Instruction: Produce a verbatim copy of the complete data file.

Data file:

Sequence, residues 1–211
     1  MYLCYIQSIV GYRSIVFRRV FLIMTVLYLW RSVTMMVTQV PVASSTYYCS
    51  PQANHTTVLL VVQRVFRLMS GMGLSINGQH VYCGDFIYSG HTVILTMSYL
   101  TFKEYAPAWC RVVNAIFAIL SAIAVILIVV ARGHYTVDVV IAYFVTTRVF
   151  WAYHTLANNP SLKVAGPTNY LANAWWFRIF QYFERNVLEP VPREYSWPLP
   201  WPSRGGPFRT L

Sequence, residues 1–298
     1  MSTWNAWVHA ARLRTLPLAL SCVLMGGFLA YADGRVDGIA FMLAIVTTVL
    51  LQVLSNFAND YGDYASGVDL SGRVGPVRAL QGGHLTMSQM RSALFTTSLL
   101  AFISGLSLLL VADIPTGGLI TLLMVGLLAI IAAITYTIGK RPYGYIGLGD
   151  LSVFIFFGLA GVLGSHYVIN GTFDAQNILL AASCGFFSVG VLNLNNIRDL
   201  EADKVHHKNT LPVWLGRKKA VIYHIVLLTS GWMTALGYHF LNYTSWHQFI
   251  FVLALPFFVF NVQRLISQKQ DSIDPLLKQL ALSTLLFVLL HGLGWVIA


Sequence, residues 1–211
     1  MYLCYIQSIV GYRSIVFRRV FLIMTVLYLW RSVTMMVTQV PVASSTYYCS
    51  PQANHTTVLL VVQRVFRLMS GMGLSINGQH VYCGDFIYSG HTVILTMSYL
   101  TFKEYAPAWC RVVNAIFAIL SAIAVILIVV ARGHYTVDVV IAYFVTTRVF
   151  WAYHTLANNP SLKVAGPTNY LANAWWFRIF QYFERNVLEP VPREYSWPLP
   201  WPSRGGPFRT L

Sequence, residues 1–298
     1  MSTWNAWVHA ARLRTLPLAL SCVLMGGFLA YADGRVDGIA FMLAIVTTVL
    51  LQVLSNFAND YGDYASGVDL SGRVGPVRAL QGGHLTMSQM RSALFTTSLL
   101  AFISGLSLLL VADIPTGGLI TLLMVGLLAI IAAITYTIGK RPYGYIGLGD
   151  LSVFIFFGLA GVLGSHYVIN GTFDAQNILL AASCGFFSVG VLNLNNIRDL
   201  EADKVHHKNT LPVWLGRKKA VIYHIVLLTS GWMTALGYHF LNYTSWHQFI
   251  FVLALPFFVF NVQRLISQKQ DSIDPLLKQL ALSTLLFVLL HGLGWVIA